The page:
The Painted Veil*

China 1925.   Toby Jones, Naomi Watts and Edward Norton are in a remote Chinese mountain town in the midst of a cholera epidemic.  They have opium, bamboo forests and possibly pandas, although haven’t seen one yet.  They are carried everywhere in litters on the shoulders of local people, which seems an excellent way to travel.  There are also punts to cross the river and water buffalo and a paddle steamer.

The English live in darling wooden houses on the side of the mountain – all lit up with fairy lights – and connected by decking. They smoke opium and lounge around in silk dressing-gowns with their cockatiels.

Have run out of any such painkillers here.  Left arm – my dominant one – hurts as does left side of chest.  Keep forgetting that now my sword arm is withered and useless in manner of Richard III, and attempt to open the stuck sliding door using it and suchlike.  Mum has co-codamol but am not allowed any as it contains paracetamol which interacts with my mental drugs and who knows what one dose of it could do to me.  Probably nothing. Life is cruel.

So, Edward Norton is excellent in the film.

“I think Edward Norton is a very good actor,” I tell Seb when he calls at 5.05pm.

“Oh, me too,” Seb says.

“I’m surprised he hasn’t quite become as big a star as he could do – think he’s great looking too,” I say, snuggling into the fluffy monster’s bed.  “He’s that look that I like anyway – blond, good bone structure and so on.”  Like my Seb.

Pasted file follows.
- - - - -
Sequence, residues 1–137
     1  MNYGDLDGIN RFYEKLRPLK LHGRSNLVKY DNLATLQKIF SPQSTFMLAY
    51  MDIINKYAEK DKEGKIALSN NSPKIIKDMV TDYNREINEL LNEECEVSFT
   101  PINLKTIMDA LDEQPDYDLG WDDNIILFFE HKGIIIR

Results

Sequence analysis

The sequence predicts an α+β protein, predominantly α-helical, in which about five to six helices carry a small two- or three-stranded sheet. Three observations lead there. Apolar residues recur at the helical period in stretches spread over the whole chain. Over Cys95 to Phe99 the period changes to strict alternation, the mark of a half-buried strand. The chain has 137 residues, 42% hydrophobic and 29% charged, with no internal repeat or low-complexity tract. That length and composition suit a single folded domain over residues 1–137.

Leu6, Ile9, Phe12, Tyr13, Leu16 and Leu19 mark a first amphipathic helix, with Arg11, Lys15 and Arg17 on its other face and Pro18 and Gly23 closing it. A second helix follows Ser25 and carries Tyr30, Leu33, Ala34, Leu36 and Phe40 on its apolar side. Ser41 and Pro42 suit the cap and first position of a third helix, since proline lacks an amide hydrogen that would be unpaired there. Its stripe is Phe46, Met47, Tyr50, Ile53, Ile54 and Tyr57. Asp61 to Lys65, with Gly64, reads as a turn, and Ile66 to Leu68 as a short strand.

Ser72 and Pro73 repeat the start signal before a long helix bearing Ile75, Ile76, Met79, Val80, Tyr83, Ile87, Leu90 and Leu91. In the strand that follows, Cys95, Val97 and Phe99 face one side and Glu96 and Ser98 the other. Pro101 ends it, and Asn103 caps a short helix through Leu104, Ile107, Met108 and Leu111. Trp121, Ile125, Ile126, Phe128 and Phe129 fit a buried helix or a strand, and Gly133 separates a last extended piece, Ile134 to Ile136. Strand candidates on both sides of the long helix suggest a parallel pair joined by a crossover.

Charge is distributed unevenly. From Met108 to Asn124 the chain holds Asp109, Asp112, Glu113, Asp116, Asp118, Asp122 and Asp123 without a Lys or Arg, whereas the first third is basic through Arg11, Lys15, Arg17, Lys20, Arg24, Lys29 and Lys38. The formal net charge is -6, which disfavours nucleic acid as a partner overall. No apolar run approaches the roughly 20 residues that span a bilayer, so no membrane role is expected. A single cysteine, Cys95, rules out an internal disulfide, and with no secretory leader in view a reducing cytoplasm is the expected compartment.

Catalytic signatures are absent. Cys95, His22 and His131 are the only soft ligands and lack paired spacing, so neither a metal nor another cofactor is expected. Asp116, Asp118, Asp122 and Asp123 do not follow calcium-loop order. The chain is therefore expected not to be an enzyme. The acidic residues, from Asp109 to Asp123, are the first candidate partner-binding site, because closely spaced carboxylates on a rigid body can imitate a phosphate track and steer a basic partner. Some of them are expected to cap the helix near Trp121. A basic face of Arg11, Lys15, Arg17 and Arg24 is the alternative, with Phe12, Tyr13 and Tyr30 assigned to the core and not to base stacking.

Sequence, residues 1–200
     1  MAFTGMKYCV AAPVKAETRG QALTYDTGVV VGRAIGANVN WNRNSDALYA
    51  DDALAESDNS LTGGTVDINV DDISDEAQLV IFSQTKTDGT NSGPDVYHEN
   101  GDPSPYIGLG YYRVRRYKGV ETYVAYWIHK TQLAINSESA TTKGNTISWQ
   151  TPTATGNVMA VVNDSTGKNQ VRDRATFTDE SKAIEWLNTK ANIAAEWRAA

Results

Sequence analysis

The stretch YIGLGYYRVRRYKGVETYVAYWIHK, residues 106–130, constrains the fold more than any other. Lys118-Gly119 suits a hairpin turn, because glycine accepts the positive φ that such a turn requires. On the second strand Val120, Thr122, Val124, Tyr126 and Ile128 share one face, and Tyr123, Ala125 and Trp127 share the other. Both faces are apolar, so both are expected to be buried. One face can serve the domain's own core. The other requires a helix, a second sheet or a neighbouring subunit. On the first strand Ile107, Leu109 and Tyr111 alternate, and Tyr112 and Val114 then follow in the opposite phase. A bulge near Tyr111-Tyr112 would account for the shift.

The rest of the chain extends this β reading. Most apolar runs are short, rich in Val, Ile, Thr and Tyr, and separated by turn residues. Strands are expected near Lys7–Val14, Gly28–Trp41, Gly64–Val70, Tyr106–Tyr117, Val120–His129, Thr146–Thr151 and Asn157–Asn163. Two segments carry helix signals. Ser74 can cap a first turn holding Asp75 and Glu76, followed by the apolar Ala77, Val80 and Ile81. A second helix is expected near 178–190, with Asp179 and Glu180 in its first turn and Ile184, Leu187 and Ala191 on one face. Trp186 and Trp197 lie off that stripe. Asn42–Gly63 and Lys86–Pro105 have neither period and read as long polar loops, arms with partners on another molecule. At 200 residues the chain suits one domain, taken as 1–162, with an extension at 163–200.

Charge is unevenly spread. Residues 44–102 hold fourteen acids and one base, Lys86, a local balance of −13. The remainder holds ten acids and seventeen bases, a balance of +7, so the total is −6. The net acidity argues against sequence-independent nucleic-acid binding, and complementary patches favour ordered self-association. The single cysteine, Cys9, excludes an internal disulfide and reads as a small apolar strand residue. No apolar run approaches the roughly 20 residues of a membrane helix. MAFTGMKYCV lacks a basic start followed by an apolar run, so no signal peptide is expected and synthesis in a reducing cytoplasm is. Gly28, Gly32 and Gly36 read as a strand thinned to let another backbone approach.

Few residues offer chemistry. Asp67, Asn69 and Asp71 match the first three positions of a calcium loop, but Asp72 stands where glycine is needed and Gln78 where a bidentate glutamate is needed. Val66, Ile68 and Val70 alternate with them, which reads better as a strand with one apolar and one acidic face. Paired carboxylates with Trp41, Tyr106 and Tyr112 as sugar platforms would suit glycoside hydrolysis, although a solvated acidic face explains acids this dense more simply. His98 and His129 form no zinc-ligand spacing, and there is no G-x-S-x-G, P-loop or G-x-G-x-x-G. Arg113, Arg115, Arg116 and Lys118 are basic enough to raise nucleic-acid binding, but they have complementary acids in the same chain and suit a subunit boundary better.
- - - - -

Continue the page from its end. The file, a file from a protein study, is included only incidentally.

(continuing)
“Well, there was that period around Fight Club when he seemed to have arrived,” Seb says.  “And then he rather dropped off the radar after that and…”

“He’s got a great intensity about him,” I say.  “You’d like the film: adaptation of a Somerset Maugham novel – love that twenties aesthetic – very sad.  Having a bit of a cry and…”

“Because they’ve got opium and you haven’t, my lovely?” Seb says.

“Not just that,” I say, rubbing my bad arm.  “It’s tragic – the plot.  Cholera looks like a nasty death too, so – oh – have you started work yet?”

Pause.

“Well,” Seb says.  “My aunt was here last night  – she’s a real hellraiser so…”

“So you didn’t get up till after eleven again?” I say.

“Yes,” Seb says, sounding sad.  “We were up well into the middle of the night, chatting and drinking and then we went out to lunch and…”

“What was lunch?” I say, pulling the covers around my ears.  It’s dark outside and soon Mum will return from Bridge and she’ll be cross if I haven’t slept.

“Superior ham, egg and chips at the gastropub,” Seb says.

“You get through a lot of ham, don’t you?” I say, thinking that since his Mum’s favourite animal is the pig, she has a strange way of showing it.

“Yes: us goys eat a lot of ham at Christmas,” Seb says, laughing.

“Goyim,” I say.  “That’s the plural of goy.  It means ‘the nations’ – as in – we, the Jewish people, live amongst the nations – the goyim.”

“I see,” Seb says.

“Anyway,” I say.  “I have to sleep.  It’s not too late to start some work – I want you to have made a start by the time we speak later.”

“OK, speak later my lovely,” Seb says.

Attached photo is a fallen tree in the wood earlier – and a canine chum.

Happy Monday everyone!
*1925.  By W. Somerset Maugham. There are three film adaptations (1934, 1957 The Seventh Sin and the 2006 adaptation which have just watched).  This one directed by John Curran.  For some reason IMDB gives it 7.5 stars but it seems excellent to me.

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